Pondering on the Front Garden project

I suspect I was unconsciously thinking about taking up the front lawn when I decided to feature the front garden this year as the End of Month view.  It made me smile that I made no reference to lifting the lawn in my post but the view of commentators was unanimous that it should go and I should use the space to embrace my plant obsessions.  It didn’t take many such comments to win me round, I don’t think I actually needed persuading but it is always nice when someone else unwittingly confirms your view – its a vote of confidence and encouragement.

Since then there has been much pondering.  I look at the front garden when I do the weekly pile of ironing (yes I do the ironing weekly, I quite like ironing as it appeals to my neat-nick tendencies).  I also look at it each morning from my bedroom window while I get ready for work.  I have found in recent years that I need to have an image in my mind before I can start to develop part of the garden.  Not in the sense of knowing the structure, paths, borders etc but its more of a sense of the visual impact.  So having pondered a hardy exotic look I strangely found myself seeing the front garden in terms of bright and warm colours – very floriferous.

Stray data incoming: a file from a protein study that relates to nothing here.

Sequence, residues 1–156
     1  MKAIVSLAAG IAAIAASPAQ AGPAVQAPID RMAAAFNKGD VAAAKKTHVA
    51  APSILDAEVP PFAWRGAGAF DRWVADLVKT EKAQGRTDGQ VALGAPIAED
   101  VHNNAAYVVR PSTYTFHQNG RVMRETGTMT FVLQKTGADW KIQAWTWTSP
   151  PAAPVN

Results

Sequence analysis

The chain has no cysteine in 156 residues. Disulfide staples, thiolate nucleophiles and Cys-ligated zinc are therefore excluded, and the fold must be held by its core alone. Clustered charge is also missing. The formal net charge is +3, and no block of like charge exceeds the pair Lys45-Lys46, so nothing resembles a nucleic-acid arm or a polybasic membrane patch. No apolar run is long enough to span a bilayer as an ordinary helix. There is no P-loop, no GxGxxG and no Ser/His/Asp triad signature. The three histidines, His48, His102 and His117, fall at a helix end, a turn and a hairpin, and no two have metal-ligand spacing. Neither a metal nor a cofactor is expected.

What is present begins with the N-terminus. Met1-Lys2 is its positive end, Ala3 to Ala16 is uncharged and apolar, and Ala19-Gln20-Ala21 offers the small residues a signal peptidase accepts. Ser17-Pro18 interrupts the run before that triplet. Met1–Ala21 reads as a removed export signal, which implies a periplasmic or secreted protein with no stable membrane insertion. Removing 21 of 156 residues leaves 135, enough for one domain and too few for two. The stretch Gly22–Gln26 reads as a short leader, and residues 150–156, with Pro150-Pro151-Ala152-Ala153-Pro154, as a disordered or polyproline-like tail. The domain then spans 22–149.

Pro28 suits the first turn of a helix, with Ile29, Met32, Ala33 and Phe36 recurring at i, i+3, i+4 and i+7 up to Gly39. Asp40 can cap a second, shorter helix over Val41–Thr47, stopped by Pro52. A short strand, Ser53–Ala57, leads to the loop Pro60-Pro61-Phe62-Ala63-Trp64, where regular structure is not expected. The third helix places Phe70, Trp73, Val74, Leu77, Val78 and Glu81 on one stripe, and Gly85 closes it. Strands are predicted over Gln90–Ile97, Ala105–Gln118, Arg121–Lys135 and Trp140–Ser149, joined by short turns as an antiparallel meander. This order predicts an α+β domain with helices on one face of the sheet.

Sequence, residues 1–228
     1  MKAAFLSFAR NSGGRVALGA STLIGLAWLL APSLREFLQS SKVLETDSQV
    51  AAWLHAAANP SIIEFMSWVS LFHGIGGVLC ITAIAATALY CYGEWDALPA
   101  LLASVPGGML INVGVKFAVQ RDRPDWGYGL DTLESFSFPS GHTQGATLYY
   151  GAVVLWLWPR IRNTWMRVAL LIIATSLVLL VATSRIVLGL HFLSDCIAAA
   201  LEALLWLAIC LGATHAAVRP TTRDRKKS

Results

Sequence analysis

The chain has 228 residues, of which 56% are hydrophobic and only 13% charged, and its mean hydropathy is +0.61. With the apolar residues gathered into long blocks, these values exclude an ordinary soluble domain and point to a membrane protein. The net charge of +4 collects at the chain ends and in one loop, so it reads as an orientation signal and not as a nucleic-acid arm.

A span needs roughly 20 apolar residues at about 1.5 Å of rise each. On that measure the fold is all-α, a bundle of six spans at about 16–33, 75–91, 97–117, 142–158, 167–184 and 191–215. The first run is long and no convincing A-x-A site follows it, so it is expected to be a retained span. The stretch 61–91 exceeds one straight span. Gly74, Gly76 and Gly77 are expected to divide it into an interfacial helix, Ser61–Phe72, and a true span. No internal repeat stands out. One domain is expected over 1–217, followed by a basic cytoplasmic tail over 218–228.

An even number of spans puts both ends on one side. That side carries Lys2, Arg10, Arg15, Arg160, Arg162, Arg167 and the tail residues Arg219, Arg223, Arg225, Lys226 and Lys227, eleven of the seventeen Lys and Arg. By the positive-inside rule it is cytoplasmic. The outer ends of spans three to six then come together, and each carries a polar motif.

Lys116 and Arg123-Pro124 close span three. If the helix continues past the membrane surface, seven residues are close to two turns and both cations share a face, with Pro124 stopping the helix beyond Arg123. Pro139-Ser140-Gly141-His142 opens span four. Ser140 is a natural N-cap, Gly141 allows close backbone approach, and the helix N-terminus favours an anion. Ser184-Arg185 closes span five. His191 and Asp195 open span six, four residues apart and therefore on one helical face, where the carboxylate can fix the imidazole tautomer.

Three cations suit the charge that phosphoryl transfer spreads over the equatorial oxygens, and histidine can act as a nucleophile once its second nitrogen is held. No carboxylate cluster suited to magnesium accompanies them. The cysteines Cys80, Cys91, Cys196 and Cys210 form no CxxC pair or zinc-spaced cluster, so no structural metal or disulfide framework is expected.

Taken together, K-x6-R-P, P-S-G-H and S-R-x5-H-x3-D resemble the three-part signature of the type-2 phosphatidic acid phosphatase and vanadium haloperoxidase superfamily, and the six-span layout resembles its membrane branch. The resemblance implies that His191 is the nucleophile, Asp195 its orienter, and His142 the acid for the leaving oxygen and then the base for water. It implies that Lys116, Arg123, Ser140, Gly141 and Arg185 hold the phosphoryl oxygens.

Driving back from Kate’s last week and pondering her generally late summer interest garden the idea of moving my asters to the front garden started to form.  If you recall the front garden is already home to a number of red shrubby salvias which do well and also crocosmia.  I could see how the asters would benefit from the sunny location and how finally I could create the late summer border I have tried to achieve in the Big Border.  This hasn’t worked as asters are generally tall and no matter how hard I try due to the slope I end up looking at their stems.  If I move the asters and the calmagrostis to the front garden then the image in my head might finally start to work.  I can augment them with more crocosmia and rudbeckias and maybe some echinacea.  I want to add a small tree or tall shrub to add some height and I am currently toying with a adding an eleagnus ‘Quicksilver’ which I have been admiring for some years, although I know it has a tendency to sucker.